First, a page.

Day 69: Soprano D’Ana Lombard in the Artist Spotlight

Today, a look back at The Ghosts of Versailles, as the spotlight shines on soprano D’Ana Lombard, our Rosina!

Which experience(s) most influenced your decision to become a professional singer? What’s the earliest point in your life that you can identify in pointing you in this direction?

I tell this story a lot but it’s really how it happened. When I was in high school I had bounced around from teacher to teacher and finally found one who not only helped my voice but she encouraged me in many ways. One day she sat me down and said “you need to decide right now (when you are applying for colleges) do you want to be a singer or do you want to be something else? If you want to be a singer you must go to school for it or else you will get distracted by other career options. If you can see yourself being something else then go be something else.” Over that week I talked with my parents about really trying to become a professional singer and going to school for it. As a family we decided that it couldn’t hurt to get a degree in music performance and see where that led me , if I was good enough then I would continue on in my quest to be a singer. Honestly, I’m still on that path that I started on all those years ago.  I take it one day at a time and just try my hardest to make it to the next day with success.

Can you tell us an anecdote or story from your training or career so far that will give us insight into what makes you tick as an artist? 

Very recently I had a teacher realize very quickly that being tactile and using inventive mental imagery helped me to let go and sing freely. One suggestion they had was to sing while squeezing a stress ball (one of those ones with sand in the middle that can be shaped in all kinds of crazy ways). The point was to get myself to imagine the phrases and meaning of the songs/arias in different ways and would therefore sing it differently and deeply. I’m not quite sure what this says about me as a singer but I thought it was an interesting little look into the lengths I will go to find better ways of singing.

If you hadn’t chosen this career, what would you have pursued instead?

I’ve always wanted to be a chef. I really love cooking for people and creating new dishes. Who knows maybe after my singing career is over I will open a restaurant called Aria!

What non-operatic music do you enjoy? Do you dabble in performing/playing/singing any other genres?

I love all kinds of music. My earliest musical education came from the old movie musicals like The Sound of Music and West Side Story, so that genre holds a dear place in my heart. But if an emotion hits me and a song can express it then that’s what I’ll sing whether it be opera, blues, musicals, pop, rnb, anything really. You never know what you’ll catch me singing when I think no one is listening.

What interesting things have you discovered about yourself or about your character (in this summer’s operas) during your role preparation? What aspects of your character are natural fit with your personality and/or which aspects are a stretch for you?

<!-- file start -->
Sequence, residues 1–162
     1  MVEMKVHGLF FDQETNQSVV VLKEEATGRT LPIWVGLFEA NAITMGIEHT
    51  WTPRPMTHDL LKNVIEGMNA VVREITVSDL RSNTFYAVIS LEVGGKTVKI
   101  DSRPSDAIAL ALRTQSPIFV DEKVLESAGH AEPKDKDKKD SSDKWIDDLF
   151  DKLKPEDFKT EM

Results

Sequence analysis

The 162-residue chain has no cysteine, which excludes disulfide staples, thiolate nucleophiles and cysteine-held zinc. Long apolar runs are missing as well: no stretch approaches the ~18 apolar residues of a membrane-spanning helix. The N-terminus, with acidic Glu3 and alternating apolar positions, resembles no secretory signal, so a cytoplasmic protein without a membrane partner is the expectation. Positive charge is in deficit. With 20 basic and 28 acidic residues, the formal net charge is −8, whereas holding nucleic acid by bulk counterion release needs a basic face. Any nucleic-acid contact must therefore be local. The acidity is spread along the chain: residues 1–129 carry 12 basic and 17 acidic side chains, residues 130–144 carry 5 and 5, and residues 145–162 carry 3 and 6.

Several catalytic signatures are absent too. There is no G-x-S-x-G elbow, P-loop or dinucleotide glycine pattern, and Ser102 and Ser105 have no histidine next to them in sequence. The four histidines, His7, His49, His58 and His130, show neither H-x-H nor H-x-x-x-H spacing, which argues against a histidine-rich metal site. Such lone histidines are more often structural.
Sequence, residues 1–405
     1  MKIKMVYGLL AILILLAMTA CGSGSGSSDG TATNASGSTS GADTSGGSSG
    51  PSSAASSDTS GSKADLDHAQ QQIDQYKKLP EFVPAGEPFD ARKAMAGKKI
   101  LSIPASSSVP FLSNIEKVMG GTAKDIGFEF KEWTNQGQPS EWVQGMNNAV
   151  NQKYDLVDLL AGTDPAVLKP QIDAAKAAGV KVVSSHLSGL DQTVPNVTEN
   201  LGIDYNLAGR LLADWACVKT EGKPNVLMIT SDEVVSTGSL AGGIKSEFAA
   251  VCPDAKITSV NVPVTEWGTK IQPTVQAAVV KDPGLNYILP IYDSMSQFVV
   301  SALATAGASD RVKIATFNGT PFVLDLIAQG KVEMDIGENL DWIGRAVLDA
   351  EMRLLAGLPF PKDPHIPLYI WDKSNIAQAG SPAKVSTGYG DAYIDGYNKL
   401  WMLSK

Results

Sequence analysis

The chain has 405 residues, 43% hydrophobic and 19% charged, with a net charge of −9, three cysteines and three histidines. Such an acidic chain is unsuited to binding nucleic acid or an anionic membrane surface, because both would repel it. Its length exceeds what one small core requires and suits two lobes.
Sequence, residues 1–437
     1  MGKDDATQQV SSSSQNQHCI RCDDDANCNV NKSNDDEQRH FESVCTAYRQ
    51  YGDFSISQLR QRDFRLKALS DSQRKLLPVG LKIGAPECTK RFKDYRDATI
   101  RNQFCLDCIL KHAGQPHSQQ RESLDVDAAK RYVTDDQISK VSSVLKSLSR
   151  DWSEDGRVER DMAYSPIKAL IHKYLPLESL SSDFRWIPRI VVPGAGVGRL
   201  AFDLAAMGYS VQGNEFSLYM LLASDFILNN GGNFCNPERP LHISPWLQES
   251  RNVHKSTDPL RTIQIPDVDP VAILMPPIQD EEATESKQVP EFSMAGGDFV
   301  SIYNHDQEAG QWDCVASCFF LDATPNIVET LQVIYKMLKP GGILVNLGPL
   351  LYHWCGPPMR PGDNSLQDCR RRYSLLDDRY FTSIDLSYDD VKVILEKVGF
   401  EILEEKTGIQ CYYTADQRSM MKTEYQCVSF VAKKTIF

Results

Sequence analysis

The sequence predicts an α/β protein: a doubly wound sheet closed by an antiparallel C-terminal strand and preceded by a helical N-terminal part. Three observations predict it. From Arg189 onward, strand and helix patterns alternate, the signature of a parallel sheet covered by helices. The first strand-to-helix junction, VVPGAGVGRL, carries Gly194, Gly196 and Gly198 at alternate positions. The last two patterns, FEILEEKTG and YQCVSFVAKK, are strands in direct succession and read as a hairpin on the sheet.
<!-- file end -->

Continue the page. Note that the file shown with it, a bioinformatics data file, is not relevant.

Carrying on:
As I learn more about Rosina in this opera, it’s apparent that she’s very unhappy and has been for a very long time. She yearns for lost years that she will never get back and yet still has hope for the future with her husband which is why she keeps asking for forgiveness for her past transgressions. I respect her for staying and carrying that hope in her heart of a future of happiness but that is where she and I differ. I would be out of there in a heartbeat! Life is too short to stay in a relationship that makes you unhappy. Girl go get a makeover and find a new man, one who appreciates you!!

What’s your favorite part (or parts) of the preparation/rehearsal/performance process(es)? 

I adore costumes! Costume fittings, dress rehearsals, even staging rehearsals where I get to wear parts of the costumes and work with any props I might have. I’m a very tactile person so getting to physicalize my character even more is always fun. Plus costumes are so pretty!

What aspect(s) of this career do you find the most challenging?

My least favorite part of learning music is the beginning parts where you are still solidifying pitches and rhythms and trying to get it into your body before you can really sing and let it go (insert Disney song)! However necessary that process is it doesn’t make it enjoyable. Finding the motivation to get started on a new large project or opera is challenging. The hardest part is knowing where to begin. It’s like spring cleaning – you have this huge mess in front of you and you have to tackle it somehow but you don’t know where to start. So you just jump in and make a bigger mess while trying to clean and eventually over time it slowly becomes organized and looks clean. That’s what learning music feels like to me.